14. The autonomous vehicle of claim 7, wherein the one or more processors configured to execute the instructions stored in the system memory to receive instructions from the other computing resources comprises the one or more processors configured to execute the instructions stored in the system memory to receive instructions instructing the autonomous vehicle to return to a repair facility.

15. The autonomous vehicle of claim 7, wherein the one or more processors configured to execute the instructions stored in the system memory to receive instructions from the other computing resources comprises the one or more processors configured to execute the instructions stored in the system memory to receive instructions instructing the autonomous vehicle to electronically request a tow vehicle.

16. The autonomous vehicle of claim 7, further comprising the one or more processors configured to execute the instructions stored in the system memory to instruct the Unmanned Aerial Vehicle (UAV) to perform a remedial maintenance operation on the autonomous vehicle.

17. A method for use at an autonomous vehicle, the method for using an Unmanned Aerial Vehicle (UAV) to inspect an autonomous vehicle, the method comprising:

detecting termination of a fare-based ride given to one or more passengers;
determining that the autonomous vehicle is to be inspected in accordance with inspection rules;
releasing the Unmanned Aerial Vehicle (UAV) from a protected area within the autonomous vehicle to inspect the autonomous vehicle;
receiving images of one or more of: interior vehicle components and exterior vehicle components of the autonomous vehicle from the Unmanned Aerial Vehicle (UAV) as the Unmanned Aerial Vehicle (UAV) inspects the autonomous vehicle;
forwarding the images to other computing resources for image analysis;
receiving instructions from the other computing resources instructing the autonomous vehicle how to proceed based on image analysis of the images; and
capturing the Unmanned Aerial Vehicle (UAV) in the protected area.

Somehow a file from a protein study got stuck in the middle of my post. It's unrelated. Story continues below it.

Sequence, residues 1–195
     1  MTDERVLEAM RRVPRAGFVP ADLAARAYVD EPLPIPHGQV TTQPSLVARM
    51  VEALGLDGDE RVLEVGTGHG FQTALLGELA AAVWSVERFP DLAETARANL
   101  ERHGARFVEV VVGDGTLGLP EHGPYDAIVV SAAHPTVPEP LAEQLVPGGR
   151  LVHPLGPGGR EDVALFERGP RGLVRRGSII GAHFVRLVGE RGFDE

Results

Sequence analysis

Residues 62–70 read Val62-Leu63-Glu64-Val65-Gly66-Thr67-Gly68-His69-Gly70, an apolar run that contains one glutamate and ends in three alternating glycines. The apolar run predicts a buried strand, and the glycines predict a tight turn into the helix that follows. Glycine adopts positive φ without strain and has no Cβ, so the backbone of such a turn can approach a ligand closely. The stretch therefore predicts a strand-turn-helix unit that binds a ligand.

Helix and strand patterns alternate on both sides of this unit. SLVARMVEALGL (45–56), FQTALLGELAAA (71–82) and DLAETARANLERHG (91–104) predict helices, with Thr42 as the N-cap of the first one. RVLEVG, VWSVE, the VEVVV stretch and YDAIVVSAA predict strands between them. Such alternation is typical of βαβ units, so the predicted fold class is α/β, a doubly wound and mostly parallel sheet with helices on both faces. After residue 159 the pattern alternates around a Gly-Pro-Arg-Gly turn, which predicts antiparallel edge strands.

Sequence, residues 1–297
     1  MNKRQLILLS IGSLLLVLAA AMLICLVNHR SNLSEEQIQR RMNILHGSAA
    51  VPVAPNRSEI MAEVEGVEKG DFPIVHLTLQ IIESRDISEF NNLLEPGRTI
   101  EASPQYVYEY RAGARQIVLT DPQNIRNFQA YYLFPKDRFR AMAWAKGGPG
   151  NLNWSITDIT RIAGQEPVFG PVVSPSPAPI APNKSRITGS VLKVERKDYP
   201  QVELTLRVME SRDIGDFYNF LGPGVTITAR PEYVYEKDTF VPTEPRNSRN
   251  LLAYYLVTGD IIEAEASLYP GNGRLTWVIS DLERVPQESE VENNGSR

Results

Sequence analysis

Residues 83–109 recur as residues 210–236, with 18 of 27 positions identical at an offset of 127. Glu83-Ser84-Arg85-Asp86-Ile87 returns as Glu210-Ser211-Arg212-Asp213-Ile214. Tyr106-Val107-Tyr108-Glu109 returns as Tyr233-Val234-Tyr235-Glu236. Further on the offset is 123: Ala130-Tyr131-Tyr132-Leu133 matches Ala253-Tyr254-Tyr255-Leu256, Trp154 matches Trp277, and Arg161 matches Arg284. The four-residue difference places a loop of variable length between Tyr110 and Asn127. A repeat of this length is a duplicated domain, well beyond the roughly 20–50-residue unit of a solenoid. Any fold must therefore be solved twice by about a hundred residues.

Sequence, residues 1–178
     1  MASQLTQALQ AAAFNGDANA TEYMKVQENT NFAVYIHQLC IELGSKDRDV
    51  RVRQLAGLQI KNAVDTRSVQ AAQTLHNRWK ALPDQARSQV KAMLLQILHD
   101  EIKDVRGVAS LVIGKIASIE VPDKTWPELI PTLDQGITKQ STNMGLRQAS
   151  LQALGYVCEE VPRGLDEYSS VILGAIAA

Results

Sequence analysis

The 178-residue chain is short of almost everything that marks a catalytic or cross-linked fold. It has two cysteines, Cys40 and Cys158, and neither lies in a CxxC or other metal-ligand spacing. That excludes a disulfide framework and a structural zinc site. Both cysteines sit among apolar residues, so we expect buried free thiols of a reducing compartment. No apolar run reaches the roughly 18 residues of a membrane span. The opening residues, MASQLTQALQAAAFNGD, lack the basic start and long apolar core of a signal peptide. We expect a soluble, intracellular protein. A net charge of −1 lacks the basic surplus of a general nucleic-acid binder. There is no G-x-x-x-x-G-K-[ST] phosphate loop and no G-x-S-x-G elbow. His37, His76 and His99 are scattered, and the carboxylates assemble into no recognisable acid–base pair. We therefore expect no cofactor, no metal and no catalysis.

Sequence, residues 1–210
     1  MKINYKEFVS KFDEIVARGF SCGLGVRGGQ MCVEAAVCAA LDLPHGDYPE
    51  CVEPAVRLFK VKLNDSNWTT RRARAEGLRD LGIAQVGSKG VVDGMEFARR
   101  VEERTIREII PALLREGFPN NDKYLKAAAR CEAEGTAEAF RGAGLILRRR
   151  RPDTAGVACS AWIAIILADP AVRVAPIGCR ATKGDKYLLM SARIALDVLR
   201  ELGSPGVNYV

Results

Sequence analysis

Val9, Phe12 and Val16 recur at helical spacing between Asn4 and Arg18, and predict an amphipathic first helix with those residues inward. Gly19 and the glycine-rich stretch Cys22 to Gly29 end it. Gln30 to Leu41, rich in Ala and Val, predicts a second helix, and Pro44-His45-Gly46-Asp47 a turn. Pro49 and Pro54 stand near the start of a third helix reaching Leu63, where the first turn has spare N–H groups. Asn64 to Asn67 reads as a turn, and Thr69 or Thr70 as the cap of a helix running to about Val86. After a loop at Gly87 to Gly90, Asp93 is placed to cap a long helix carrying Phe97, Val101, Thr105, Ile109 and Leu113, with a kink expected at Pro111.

18. The method of claim 17, wherein receiving images from an Unmanned Aerial Vehicle (UAV) comprises receiving images from the Unmanned Aerial Vehicle (UAV) as the Unmanned Aerial Vehicle (UAV) flies around the autonomous vehicle.

19. The method of claim 17, wherein receiving images from an Unmanned Aerial Vehicle (UAV) comprises receiving images captured by the Unmanned Aerial Vehicle (UAV) as the autonomous vehicle drives by the Unmanned Aerial Vehicle (UAV).

20. The method of claim 17 wherein receiving images from an Unmanned Aerial Vehicle (UAV) comprises receiving images captured by the Unmanned Aerial Vehicle (UAV) as the autonomous vehicle drives over the Unmanned Aerial Vehicle (UAV).

Patent History
Publication number: 20190266715
Type: Application
Filed: Oct 24, 2016
Publication Date: Aug 29, 2019
Inventors: Scott Vincent MYERS (Dearborn, MI), Mark CRAWFORD (Dearborn, MI), Harpreetsingh BANVAIT (Dearborn, MI), Alexandru Mihai GURGHIAN (Dearborn, MI), Nikhil NAGRAJ RAO (Dearborn, MI), Alexandro WALSH (Dearborn, MI), Lisa SCARIA (Dearborn, MI)
Application Number: 16/342,761
Classifications
International Classification: G06T 7/00 (20060101); G07C 5/08 (20060101); G05D 1/00 (20060101); B64C 39/02 (20060101); B64F 1/22 (20060101); G05B 13/02 (20060101); G06N 3/04 (20060101); G07B 15/00 (20060101); G06Q 10/00 (20060101);